At this year's Sohn Investment Conference, Dan Sundheim, the founder and CIO of D1 Capital Partners, spoke with John Collison, the co-founder of Stripe. Q1 2021 hedge fund letters, conferences and more D1 manages $20 billion. Of this, $10 billion is invested in fast-growing private businesses such as Stripe. Stripe is currently valued at around Read More
Among the constructive recommendations in the Independent Community Bankers of America’s proposal for reforming Fannie Mae and Freddie Mac unveiled today was that the rights of the companies’ shareholders must be upheld. Most blueprints on GSE reform offered to date either ignore or are hostile to shareholders so we welcome the ICBA’s consideration. Upholding the rights of shareholders is not only the right thing to do, it is also practical. Shareholders remain determined to assert their rights. Therefore, any plan to end the conservatorship that ignores shareholders ignores reality. The ICBA’s proposal is based on several other sound principles Investors Unite has long championed, notably that it is long past time for Fannie and Freddie to rebuild their capital buffers, consistent with the law and in the interests of taxpayers:
The GSEs must be allowed to rebuild their capital buffers. The first step in GSE reform requires the FHFA, the GSEs’ safety and soundness regulator, to follow the mandates prescribed in the 2008 Housing and Economic Recovery Act (HERA), namely, to restore the GSEs to a safe and sound condition. Regardless of which approach or structure reform takes, the existing system must be well capitalized to prevent market disruption or additional taxpayer support in the event of one or both GSEs requiring a draw from the U.S. Treasury during what’s likely to be a lengthy debate and transition period to any new structure or system.
In many ways, the ICBA’s recommendations are based on restoring Fannie and Freddie’s chief function, which is to provide enough liquidity in the marketplace for a variety of lenders to make loans on terms affordable to as many people as possible in good economic times and bad. The ICBA asserts that the GSEs should not be going up against loan originators at the retail level, “where they would enjoy an unfair advantage,” but focus on secondary mortgage market activities.
The ICBA’s proposal casts a wary eye on some of the changes that have been implemented in the course of the conservatorship of the GSEs, now in its ninth year. For example, the ICBA echoes concerns we have had about credit risk transfers (CRTs), stating, “ While these CRTs may help mitigate the amount of credit risk both the GSEs and taxpayers bear, these transactions also drain revenue away from the GSEs and expose them to operational risks.” It added:
Additionally, CRT securities are currently illiquid and would likely dry up in times of market stress. CRTs, regardless of their form or structure, must reflect a real transfer of credit risk, minimize counterparty risk, be scalable, meet a targeted economic rate of return set by FHFA, and not encourage further concentration of the mortgage business in the largest banks.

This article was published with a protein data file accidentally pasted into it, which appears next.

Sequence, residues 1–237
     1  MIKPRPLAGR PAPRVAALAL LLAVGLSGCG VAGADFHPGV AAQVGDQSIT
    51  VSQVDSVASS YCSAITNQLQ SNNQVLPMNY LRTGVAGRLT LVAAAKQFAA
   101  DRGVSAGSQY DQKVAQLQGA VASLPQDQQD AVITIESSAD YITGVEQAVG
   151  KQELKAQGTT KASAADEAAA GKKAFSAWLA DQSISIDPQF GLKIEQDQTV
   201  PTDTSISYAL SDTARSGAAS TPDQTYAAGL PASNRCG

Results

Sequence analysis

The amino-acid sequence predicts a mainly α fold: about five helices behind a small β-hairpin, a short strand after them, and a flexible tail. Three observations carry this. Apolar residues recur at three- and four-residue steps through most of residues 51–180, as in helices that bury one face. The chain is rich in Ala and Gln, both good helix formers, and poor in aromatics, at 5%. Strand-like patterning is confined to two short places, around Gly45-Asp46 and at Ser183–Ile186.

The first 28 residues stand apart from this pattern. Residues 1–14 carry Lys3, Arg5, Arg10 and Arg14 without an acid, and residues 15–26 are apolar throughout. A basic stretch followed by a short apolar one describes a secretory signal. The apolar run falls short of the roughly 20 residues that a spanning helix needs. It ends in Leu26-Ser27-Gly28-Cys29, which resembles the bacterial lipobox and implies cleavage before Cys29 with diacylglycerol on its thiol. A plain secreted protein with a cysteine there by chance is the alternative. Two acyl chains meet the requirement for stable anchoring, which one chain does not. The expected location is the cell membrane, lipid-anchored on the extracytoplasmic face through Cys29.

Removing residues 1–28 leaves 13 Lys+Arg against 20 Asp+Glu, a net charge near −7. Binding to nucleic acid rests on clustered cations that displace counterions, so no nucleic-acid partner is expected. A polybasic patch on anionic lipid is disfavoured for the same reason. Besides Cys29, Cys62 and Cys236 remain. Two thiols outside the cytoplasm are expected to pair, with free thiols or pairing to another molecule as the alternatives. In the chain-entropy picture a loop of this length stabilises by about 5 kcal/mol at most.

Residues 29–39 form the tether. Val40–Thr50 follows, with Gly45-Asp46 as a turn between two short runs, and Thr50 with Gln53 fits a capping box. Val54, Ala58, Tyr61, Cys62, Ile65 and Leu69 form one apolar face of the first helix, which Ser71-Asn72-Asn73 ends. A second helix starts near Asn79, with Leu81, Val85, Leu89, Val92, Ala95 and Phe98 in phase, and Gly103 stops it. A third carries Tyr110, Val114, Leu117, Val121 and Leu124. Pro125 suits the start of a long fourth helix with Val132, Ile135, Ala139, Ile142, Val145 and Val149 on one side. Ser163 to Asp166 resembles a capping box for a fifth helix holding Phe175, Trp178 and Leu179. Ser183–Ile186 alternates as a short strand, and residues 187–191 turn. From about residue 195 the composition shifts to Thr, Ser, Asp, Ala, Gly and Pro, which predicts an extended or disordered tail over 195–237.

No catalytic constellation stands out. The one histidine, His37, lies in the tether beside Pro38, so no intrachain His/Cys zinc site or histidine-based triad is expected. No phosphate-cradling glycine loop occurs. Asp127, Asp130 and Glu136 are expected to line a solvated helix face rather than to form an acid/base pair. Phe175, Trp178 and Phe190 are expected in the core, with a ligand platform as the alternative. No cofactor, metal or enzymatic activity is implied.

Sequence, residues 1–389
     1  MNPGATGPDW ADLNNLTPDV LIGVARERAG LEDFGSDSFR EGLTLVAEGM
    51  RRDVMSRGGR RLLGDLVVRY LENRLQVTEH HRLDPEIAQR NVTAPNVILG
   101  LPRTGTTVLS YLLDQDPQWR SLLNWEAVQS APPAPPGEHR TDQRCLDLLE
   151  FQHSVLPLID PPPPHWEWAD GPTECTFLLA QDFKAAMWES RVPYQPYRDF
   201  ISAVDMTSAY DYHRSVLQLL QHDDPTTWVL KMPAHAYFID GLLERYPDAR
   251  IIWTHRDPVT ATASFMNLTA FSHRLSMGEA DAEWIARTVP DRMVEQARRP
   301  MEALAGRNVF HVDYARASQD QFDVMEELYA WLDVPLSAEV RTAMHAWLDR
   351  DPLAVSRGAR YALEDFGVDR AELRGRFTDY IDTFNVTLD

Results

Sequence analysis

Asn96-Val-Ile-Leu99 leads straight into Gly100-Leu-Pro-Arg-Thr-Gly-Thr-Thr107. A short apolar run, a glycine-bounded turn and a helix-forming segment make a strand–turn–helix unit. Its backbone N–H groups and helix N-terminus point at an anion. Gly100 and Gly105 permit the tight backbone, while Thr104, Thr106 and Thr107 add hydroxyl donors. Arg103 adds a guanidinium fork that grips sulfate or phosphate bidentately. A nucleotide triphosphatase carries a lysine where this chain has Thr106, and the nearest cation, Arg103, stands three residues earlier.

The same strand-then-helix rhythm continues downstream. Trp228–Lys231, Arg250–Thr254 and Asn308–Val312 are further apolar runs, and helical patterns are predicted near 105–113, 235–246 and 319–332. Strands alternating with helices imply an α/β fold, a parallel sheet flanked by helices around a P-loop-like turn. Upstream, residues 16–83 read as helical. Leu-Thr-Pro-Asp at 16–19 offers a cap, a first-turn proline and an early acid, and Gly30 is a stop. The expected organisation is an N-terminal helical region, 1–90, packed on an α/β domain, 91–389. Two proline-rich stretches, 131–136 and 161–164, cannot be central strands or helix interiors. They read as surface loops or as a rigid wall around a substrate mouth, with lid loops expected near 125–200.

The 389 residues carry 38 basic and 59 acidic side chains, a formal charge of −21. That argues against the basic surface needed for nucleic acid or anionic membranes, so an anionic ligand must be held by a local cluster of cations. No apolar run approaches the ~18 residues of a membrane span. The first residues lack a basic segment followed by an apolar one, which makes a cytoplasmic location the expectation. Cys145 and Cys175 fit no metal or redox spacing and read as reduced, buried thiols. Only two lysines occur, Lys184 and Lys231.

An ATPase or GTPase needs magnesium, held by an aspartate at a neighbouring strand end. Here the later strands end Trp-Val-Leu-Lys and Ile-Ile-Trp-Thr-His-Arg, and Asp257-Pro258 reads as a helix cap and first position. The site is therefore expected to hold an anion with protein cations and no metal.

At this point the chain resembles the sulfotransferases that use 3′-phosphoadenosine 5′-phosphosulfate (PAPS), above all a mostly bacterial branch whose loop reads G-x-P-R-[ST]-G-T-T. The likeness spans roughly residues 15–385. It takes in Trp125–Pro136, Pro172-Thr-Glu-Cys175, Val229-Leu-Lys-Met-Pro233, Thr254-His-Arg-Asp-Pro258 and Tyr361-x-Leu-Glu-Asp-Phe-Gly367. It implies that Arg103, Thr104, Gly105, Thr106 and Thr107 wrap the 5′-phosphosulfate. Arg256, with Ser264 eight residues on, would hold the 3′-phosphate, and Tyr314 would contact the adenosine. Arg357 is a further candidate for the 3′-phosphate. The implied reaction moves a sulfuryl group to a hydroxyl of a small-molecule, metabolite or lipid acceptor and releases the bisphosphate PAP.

In addition, the ICBA’s proposal warned against handing over Fannie and Freddie’s assets and functions to the nation’s biggest banks, saying, “Assets such as the GSEs’ automated underwriting technology, loan delivery portals, Common Securitization Platform, and multi-family housing businesses should not be sold or transferred to private market aggregators.”
Investors Unite has raised similar concerns about the CSP, questioning not only the impetus for its creation but also whether the GSEs have been forced to create an infrastructure that would end up benefitting primarily large banks.
The ICBA rightly recognizes that HERA provides the Federal Housing Finance Agency with the authority it needs to undertake these reforms. While the proposal recommends that Congress should make changes in the GSEs charters and create a catastrophic mortgage insurance fund as an explicit government guarantee of the GSEs, we would argue that, if the companies are capitalized and have adequate buffers, then action by Congress should not be necessary. As we noted this week in a critique of a plan offered by the Mortgage Bankers Association the less reliance on Congressional action the better.
Community bankers have long been a critical component of the home lending marketplace and a thoughtful voice in warning about the consequences of dismantling Fannie and Freddie and creating a system dominated by a handful of large banks. It is helpful to have them offer constructive and timely ideas that include respecting the rights of shareholders.
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